Is homosexuality genetic?

Scientists in the US claim they may have discovered how to predict a person’s sexual orientation.

They found nine parts of a person’s genetic code which may play a role in determining whether someone is straight or gay – read more of the report by clicking the button below,


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When you have finished why not let us know what you feel about this study?  Is it valid, or do you feel that other matters come into the mix?



Camp Sites: Classic camp horror films for Halloween

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Mike Nesbitt still opposes same-sex marriage despite 'wrong side of history' remark

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Mike Nesbitt
Image caption:  In his speech to the Ulster Unionist Party’s conference on Saturday, Mike Nesbitt warned members who oppose same-sex marriage they would be “on the wrong side of history”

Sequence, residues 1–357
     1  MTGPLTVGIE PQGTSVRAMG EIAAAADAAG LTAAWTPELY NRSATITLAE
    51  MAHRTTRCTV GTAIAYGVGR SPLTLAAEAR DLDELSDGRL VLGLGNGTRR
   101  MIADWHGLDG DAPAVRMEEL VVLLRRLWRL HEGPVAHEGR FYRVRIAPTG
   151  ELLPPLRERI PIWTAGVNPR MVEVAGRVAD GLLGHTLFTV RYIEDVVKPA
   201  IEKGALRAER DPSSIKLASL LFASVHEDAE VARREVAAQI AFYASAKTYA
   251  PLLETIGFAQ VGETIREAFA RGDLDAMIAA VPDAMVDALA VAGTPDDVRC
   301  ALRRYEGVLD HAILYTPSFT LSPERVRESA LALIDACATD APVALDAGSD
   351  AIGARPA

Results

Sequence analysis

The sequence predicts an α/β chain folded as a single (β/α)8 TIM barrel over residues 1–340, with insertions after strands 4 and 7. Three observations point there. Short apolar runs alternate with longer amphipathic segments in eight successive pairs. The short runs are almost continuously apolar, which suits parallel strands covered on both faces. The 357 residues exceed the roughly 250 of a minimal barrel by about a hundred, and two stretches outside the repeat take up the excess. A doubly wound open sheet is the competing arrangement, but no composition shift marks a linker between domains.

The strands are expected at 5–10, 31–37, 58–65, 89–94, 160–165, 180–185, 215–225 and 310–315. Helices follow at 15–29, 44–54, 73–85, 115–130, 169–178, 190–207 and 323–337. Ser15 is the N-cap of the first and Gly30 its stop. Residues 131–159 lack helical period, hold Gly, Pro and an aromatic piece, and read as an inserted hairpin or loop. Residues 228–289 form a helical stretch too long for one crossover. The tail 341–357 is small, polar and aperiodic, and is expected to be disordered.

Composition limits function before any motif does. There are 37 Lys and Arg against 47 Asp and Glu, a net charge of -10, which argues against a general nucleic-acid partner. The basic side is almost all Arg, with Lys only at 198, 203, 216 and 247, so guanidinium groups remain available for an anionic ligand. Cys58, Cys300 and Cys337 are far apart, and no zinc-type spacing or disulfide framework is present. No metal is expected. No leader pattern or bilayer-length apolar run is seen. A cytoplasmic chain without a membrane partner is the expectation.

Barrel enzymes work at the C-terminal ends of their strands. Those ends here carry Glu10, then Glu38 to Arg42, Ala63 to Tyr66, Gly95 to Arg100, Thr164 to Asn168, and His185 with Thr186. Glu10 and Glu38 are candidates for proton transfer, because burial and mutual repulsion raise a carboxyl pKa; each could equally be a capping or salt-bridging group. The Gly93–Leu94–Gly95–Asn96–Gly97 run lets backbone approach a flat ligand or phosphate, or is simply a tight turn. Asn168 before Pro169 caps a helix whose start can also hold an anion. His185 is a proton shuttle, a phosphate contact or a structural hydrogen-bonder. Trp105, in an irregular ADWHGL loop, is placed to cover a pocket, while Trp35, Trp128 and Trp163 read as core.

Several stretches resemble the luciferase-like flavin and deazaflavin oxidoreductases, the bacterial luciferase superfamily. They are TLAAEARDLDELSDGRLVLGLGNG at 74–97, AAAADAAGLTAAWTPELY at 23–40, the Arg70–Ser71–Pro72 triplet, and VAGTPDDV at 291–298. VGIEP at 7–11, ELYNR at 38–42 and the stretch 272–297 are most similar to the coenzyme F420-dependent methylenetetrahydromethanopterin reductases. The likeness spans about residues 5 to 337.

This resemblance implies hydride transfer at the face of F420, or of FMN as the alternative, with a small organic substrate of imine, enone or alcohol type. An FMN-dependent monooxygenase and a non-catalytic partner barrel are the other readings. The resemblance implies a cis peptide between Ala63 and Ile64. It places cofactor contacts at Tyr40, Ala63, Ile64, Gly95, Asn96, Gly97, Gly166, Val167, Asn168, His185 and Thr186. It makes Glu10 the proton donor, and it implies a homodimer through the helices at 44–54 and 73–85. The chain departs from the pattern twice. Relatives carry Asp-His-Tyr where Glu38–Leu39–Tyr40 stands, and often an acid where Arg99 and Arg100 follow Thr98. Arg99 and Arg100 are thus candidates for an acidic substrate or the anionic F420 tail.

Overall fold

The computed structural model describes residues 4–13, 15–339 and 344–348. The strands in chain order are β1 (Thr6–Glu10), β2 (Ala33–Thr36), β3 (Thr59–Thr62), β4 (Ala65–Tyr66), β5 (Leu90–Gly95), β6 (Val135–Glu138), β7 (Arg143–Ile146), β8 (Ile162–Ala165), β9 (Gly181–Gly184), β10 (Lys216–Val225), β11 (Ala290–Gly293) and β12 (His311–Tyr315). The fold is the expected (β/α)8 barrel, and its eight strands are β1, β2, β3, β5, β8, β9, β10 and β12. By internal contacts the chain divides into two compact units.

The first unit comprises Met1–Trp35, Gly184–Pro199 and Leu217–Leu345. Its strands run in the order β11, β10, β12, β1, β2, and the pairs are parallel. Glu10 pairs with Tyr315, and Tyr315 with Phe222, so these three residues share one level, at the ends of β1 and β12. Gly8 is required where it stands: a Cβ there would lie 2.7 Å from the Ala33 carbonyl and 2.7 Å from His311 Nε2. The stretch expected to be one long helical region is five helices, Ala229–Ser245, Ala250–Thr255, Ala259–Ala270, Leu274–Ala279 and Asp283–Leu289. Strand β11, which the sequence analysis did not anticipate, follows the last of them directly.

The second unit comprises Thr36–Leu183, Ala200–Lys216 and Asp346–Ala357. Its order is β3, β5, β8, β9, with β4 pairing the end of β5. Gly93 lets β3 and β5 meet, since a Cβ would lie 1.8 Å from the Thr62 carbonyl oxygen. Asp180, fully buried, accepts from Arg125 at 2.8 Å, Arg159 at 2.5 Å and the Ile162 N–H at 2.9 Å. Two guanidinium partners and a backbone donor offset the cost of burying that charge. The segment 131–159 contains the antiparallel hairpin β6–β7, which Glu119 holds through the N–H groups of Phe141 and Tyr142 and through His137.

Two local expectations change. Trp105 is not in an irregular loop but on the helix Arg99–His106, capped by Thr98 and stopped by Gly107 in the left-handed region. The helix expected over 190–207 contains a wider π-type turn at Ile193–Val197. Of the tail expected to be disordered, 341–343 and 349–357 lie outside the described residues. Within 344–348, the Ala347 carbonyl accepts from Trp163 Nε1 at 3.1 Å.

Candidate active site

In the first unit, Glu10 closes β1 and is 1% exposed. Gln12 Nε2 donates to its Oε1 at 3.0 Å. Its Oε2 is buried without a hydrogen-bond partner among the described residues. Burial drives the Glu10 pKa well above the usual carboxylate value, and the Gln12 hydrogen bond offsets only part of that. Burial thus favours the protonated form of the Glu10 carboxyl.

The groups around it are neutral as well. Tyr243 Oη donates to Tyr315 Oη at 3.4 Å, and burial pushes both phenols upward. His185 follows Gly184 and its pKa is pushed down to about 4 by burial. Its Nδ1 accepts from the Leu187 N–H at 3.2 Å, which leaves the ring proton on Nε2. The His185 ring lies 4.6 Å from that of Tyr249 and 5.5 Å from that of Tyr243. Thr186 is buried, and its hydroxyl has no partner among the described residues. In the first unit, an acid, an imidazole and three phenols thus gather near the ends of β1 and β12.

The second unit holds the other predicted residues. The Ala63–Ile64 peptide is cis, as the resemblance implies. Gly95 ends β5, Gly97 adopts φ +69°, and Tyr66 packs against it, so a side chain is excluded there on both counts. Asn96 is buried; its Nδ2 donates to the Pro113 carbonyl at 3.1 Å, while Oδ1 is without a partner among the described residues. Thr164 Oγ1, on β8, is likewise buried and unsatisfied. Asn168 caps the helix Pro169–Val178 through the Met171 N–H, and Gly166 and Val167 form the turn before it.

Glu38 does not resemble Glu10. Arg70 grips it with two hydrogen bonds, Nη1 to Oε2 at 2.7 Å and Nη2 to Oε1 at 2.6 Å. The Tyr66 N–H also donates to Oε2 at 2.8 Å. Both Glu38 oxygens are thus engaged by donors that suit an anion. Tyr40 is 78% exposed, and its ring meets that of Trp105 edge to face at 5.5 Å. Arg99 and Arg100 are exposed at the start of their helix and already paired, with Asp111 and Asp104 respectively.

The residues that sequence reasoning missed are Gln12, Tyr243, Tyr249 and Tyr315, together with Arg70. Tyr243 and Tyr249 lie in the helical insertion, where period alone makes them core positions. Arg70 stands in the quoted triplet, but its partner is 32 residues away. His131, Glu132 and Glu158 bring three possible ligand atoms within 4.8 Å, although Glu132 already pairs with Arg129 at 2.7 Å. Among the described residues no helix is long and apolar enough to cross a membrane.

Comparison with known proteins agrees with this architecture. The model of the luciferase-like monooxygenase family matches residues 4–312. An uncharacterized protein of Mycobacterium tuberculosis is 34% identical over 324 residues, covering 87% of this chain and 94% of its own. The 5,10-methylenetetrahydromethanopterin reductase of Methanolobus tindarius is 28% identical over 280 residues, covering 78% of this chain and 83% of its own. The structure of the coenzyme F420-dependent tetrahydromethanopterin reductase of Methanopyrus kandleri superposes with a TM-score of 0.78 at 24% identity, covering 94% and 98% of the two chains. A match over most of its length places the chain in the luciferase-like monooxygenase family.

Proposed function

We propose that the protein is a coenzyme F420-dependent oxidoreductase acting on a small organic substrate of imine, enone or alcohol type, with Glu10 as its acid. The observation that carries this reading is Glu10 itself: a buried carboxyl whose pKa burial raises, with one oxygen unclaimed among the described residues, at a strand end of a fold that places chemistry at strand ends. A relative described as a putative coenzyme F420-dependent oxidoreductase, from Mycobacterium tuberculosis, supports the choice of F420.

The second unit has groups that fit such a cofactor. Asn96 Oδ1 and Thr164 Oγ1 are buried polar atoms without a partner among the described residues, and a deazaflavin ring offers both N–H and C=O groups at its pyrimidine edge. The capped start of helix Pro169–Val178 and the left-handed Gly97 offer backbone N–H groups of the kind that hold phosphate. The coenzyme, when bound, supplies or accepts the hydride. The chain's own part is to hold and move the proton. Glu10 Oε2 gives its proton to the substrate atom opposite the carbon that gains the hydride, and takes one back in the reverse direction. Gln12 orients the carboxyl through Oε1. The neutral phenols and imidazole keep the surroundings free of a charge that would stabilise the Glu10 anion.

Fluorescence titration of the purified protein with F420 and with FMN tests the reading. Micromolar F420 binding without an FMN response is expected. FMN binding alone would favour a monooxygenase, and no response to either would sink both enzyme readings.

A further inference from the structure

The UUP leader has said he will still vote against same-sex marriage, despite saying that UUP members who oppose it will be “on the wrong side of history”.

Mike Nesbitt made the history remark at his party’s annual conference.

He told Monday’s BBC’s Nolan Show his view has not changed. He said he was “warning” his party same-sex marriage was likely to be introduced regardless.

He said he believed marriage should be “between a man and a woman” but added the issue gives him “sleepless nights”.

‘Prepare yourselves’

“I am against same sex marriage, but I am challenging myself always on these issues,” Mr Nesbitt told the programme.

He said as a mental health campaigner, suicide statistics within the gay, lesbian, bisexual and transgender (LGBT) community gave him “pause” for thought about his own attitude to same-sex marriage.